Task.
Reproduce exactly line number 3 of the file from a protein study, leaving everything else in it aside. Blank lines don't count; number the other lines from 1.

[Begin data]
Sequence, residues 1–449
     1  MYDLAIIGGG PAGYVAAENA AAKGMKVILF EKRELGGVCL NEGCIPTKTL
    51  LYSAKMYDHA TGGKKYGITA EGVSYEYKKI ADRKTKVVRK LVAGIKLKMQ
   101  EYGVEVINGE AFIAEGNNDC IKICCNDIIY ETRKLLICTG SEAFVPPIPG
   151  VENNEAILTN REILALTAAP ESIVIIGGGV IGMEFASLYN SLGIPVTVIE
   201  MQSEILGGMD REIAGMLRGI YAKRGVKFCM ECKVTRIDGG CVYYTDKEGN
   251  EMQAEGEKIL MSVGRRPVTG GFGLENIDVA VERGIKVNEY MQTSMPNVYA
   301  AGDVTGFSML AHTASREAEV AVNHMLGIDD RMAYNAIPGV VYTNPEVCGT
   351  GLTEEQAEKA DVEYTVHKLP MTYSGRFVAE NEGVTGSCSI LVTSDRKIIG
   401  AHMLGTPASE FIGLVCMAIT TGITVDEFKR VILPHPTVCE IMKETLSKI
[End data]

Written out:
    51  LYSAKMYDHA TGGKKYGITA EGVSYEYKKI ADRKTKVVRK LVAGIKLKMQ